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Terry Tomalin has a list of his outdoor checklist for 2014.  What is on yours?

• Sleep on the ground: I camp more than most, yet I still don't sleep in a tent nearly enough to suit my tastes. I probably spend a month out of each year under the stars, but I'd like to double that. Think I can log 60 days this year? Not if my wife has anything to say about it.

• See more sunrises: There's nothing I love more than being outside — hiking, paddling, fishing — when the sun comes up. I've got my kids trained. They think something is wrong if we don't leave the house when it's still dark. Now I've got the lads in my Boy Scout troop on campouts, up and raring to go, at 5:59 a.m. Be prepared. You're on Tomalin time.

• Simplify: I've got too much stuff. There are times I wish I could live in a tree like my hero Tarzan. All he needed was a sharp knife and a loin cloth, though I doubt the latter would complement my middle-age physique. But I can still probably get along with a lot less junk. After all, Lewis and Clark went to the Pacific and back with nothing more than a little beef jerky and a whole lot of attitude.

• Take it outside: Believe it or not, there are days when I don't leave the office. I stop by in the morning, start sending emails and answering phone calls, then next thing I know, it's time to pick up the kids and I've wasted another day inside. But this year, things will be different. No matter what, I am going to spend at least one hour a day outside, rain or shine. I suggest you do the same.

• Buy buckskin boots: I used to own a pair of knee-high moccasins just like another one of my role models, Davy Crockett, used to wear. Don't know what happened to them, though I have my suspicions that a certain you-know-who might have tossed them out. That's why I need another pair to go with my shorts and Hawaiian shirt.

• Follow more rivers: I've paddled from Georgia's Okefenokee Swamp to Bimini in the Bahamas chain of islands. I've traveled the length of the Withlacoochee, Apalachicola and Suwannee, but I have a dozen more waterways that I'd like to explore from beginning to end. How about a river a year until I die? I figure I've got 50 more on my list, so it looks like I'll be sticking around a while.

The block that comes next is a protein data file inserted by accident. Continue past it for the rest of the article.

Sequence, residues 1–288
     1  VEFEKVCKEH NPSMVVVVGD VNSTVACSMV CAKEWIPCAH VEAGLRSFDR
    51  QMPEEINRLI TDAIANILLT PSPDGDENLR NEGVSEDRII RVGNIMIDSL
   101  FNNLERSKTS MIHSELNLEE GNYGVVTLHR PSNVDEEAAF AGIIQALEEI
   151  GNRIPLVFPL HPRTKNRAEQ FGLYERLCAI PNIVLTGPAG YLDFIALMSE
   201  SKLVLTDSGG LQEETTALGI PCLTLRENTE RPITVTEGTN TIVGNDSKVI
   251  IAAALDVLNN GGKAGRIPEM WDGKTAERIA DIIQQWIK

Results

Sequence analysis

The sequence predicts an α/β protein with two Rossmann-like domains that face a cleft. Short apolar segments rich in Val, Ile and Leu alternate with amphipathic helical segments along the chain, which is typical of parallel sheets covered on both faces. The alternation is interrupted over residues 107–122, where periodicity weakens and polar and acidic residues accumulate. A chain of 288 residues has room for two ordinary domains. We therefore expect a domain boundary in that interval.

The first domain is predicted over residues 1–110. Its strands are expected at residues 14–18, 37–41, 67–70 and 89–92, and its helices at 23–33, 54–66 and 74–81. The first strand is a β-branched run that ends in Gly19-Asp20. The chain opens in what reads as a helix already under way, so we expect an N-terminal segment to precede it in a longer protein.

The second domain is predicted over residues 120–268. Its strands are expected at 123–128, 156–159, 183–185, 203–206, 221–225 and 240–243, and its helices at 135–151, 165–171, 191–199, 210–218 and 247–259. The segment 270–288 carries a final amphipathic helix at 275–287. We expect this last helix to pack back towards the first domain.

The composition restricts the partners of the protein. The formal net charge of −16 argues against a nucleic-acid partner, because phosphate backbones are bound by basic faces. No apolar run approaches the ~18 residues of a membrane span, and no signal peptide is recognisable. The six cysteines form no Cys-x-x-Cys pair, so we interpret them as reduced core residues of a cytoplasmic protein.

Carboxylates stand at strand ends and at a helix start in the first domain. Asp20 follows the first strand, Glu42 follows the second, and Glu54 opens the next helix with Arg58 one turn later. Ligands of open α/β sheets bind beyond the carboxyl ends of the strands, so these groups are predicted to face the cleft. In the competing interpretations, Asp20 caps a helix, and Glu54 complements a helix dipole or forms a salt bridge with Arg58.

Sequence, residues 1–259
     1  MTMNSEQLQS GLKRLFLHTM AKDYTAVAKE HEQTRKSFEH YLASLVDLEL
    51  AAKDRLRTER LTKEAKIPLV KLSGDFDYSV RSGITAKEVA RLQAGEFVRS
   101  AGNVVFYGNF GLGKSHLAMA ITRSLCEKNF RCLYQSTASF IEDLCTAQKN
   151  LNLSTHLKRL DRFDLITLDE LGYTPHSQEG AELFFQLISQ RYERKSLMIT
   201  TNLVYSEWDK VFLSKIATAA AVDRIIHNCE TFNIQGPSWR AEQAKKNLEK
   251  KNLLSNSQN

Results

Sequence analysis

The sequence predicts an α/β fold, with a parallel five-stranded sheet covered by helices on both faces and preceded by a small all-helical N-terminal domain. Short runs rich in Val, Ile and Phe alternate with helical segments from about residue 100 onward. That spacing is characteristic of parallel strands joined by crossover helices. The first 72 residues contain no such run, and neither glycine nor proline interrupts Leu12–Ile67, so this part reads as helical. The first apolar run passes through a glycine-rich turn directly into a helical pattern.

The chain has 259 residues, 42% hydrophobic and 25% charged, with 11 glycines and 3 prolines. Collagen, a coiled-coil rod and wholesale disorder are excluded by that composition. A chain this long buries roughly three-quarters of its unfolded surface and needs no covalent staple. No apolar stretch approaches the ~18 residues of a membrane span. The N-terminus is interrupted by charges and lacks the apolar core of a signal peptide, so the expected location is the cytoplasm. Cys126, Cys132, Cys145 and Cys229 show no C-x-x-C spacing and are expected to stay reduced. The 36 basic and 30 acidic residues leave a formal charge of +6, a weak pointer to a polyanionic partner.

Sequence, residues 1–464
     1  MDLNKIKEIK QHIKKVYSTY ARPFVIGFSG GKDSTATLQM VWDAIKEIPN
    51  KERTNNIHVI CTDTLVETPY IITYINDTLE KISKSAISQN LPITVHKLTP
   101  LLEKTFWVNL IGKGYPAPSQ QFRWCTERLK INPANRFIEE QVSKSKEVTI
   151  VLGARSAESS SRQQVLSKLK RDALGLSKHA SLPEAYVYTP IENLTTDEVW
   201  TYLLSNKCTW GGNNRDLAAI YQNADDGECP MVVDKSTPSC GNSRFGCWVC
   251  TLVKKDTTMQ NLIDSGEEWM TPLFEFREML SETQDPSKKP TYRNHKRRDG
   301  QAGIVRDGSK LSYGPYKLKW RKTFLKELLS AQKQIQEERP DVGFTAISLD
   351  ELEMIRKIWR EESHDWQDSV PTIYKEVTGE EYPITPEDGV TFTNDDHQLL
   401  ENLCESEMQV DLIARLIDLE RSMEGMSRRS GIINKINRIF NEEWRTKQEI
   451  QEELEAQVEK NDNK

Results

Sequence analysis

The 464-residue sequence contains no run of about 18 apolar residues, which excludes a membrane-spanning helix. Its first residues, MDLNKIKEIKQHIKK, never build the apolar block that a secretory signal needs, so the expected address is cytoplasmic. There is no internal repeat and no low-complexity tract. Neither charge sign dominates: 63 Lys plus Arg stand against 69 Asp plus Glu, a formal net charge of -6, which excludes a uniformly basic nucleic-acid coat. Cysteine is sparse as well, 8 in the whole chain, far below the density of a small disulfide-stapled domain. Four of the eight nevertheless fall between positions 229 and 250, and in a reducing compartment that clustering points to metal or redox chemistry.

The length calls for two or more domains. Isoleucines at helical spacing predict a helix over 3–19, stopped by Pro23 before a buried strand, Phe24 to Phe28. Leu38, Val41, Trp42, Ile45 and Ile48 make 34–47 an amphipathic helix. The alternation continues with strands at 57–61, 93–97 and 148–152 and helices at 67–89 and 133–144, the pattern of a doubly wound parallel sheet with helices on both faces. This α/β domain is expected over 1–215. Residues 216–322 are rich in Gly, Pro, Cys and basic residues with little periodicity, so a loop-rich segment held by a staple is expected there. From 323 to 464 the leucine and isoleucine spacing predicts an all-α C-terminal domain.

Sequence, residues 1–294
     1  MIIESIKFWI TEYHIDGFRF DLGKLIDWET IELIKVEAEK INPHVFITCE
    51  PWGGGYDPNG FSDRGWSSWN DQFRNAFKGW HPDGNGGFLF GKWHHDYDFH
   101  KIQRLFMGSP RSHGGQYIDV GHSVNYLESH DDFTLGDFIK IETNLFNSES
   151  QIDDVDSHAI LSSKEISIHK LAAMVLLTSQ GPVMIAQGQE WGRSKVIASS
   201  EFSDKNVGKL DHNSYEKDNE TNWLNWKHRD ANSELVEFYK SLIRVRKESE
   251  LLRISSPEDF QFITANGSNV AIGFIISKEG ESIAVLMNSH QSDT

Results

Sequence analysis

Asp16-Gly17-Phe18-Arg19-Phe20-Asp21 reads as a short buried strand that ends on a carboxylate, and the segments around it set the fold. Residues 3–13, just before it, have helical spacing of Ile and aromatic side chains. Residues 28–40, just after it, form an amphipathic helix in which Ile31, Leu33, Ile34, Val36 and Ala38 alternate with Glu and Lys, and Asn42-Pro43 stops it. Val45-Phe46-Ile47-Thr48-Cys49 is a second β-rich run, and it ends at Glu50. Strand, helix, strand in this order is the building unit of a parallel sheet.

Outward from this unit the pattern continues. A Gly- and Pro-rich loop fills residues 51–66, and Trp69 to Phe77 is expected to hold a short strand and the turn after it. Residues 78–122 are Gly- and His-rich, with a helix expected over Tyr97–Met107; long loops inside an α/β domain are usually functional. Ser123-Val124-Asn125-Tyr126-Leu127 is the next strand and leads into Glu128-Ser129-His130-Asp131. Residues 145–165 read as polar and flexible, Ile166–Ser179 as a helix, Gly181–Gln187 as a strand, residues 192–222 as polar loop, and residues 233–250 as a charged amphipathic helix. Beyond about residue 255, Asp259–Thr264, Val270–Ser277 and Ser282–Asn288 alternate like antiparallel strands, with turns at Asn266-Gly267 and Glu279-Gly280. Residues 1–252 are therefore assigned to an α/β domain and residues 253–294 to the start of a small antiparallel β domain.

• Cook with cast iron: I took my Outdoor Leadership class from USF St. Petersburg down the Suwannee River in November. Our group of 25-strong ate out of two Dutch ovens for three days and everybody put on weight. Ditch your microwave and get yourself a 12-quart Lodge. It was good enough for the pioneers, it should be good enough for you.

• Throw a tomahawk: All of my 12-year-old son's classmates have smartphones, which cost a couple of hundred bucks. So I asked him, "Which would you rather have, a smartphone or a tomahawk, like Hawkeye in Last of the Mohicans?" The answer was obvious. Don't worry, we'll only practice in the woods, wearing our knee-high moccasins.

• Teach my daughter to shoot: I can't wait to put my 10-year-old through the Florida Fish and Wildlife Commission's hunter safety class. I want her to know firearms and respect firearms, just in case she comes across a knucklehead who thinks he's an expert because he plays a lot of video games.

• Hug a tree: I've said it once and I'll say it again: I'm a tree hugger. Many outdoor enthusiasts are preoccupied with season lengths and bag limits. They think environmentalists are the enemy. But ask any biologist the No. 1 problem we face and they'll say, "Habitat, stupid." I love mangrove trees, and I would probably hug them if they weren't covered with those crabs. More mangroves mean more snook. Get the picture?

 

You can see it all here:  http://www.tampabay.com/sports/outdoors/outdoors-checklist-for-a-new-year/2159304